How many days has your shop gone without an accident? In 2014 alone, there were slightly more than 3 million nonfatal, employer-reported workplace injuries. While this number follows an 11 year pattern of statistical decline, it’s still significant enough to continue to warrant concern over employee safety.
For many companies, its employees are its most valuable assets and protecting them is not a matter of cost, but of necessity. Whether placing an emphasis on workplace safety means keeping production going or simply avoiding government penalties, the fact of the matter is that many employers truly do recognize its importance. But even with government standards in place and the threat of fines always lurking, there are still plenty of companies that put employee safety on the back burner. Here’s why they shouldn’t:
- Fewer Mishaps: Perhaps the most obvious reason to develop a solid workplace safety program is that it’ll result in fewer accidents. Business owners and shop managers who place emphasis on workplace safety by conducting routine meetings and giving frequent reminders reap the benefits of well informed, safety conscious employees who can do their jobs comfortably and with ease.
- Teamwork and Support: Once the importance of safety is driven home for employees, it has something of a domino effect. Adequate safety training often means that more eyes and ears are open for safety concerns, and that helps everyone do a better job of following protocol as well as looking out for themselves and each other during everyday operations. Simply having a team that’s aware of safety hazards can make successful accident prevention that much easier to achieve.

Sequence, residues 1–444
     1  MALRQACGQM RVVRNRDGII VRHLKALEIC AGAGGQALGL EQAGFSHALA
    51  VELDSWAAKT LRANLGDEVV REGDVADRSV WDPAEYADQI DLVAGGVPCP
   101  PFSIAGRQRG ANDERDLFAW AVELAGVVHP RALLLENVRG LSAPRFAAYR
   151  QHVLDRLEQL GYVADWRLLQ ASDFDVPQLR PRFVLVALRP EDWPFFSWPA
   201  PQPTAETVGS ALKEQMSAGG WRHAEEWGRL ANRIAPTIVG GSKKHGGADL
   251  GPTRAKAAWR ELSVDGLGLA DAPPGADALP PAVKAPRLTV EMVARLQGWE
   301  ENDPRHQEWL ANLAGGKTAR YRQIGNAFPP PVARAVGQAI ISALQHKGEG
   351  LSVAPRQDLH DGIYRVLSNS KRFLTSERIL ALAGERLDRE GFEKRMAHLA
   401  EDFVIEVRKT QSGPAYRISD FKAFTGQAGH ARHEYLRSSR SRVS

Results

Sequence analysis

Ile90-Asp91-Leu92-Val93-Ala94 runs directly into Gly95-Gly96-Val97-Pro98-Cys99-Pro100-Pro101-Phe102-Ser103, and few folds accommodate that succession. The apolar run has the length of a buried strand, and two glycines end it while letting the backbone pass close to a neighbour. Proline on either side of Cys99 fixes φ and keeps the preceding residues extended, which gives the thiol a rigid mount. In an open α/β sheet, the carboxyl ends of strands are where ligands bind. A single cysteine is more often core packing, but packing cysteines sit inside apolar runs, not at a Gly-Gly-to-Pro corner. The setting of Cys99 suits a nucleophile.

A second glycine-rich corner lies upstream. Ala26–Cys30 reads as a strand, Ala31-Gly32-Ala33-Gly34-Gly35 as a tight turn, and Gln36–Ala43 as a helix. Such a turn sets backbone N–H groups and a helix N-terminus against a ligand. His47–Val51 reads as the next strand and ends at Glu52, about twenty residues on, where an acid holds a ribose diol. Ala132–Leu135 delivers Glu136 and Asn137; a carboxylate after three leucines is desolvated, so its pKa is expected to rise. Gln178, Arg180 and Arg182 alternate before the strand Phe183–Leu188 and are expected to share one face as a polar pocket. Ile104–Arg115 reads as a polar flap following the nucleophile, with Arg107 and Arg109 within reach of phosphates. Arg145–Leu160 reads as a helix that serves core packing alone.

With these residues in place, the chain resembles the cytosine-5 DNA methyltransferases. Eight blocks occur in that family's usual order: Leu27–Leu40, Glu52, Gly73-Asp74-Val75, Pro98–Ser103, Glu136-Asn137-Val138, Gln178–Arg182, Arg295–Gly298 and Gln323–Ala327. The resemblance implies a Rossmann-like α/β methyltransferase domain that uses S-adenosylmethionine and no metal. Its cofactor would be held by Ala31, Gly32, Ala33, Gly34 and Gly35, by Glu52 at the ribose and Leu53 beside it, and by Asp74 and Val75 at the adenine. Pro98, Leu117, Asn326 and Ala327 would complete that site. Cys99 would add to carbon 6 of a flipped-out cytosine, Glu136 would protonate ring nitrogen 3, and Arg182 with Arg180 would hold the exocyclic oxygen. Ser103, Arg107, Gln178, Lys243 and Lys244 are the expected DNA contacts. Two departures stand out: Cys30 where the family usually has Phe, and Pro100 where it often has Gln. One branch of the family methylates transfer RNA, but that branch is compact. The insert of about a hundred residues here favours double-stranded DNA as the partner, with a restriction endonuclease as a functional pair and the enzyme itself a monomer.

- High Employee Morale: The safer workers feel, the higher the morale of your team is likely to be. And when morale is high, so is the quality of the work that’s turned out. Workers who feel safe are more likely to be loyal to the company, come into work on time and without complaint, and take pride in their work. Without safety measures in place, manufacturing companies face high turnover rates and a decrease in work quality. Simply put: when a company makes a conscious effort to improve working conditions, employees not only feel physically safe, but also that the company they work for appreciates what they do.
- Cost Effectiveness: Developing a workplace culture around safety will also cut down on costs, and we’re not only talking about money. When an employee is injured on the job, outrageous medical bills and worker’s compensation are perhaps the first thing that come to mind. But an injured employee also means loss of time, productivity, and profit. With one employee out of the picture, employers will have to spend resources to find a replacement. And if the shop is not up to standard and the injury is reported, employers could be looking at hefty government fines. In short, a strong focus on workplace safety cuts down on worries and on dollars.
While any step toward safety is a step in the right direction, it’s important for employers to go the extra mile to ensure safety. One thing that can go a long way is to make sure the work environment is comfortable. That means making adjustments for things like adequate lighting, good air quality, and controlled temperature. Simple steps like these can help workers stay focused on enjoying their work rather than on physical discomfort.
A second step to consider is providing on-the-job training. A significant component to workplace safety is making sure each member of the team knows their job and knows it well. Good training strengthens the weak links in the chain, brings everyone up to speed, and guarantees that each employee knows their jobs well enough to avoid major mishaps.
Image Credit: NAVFAC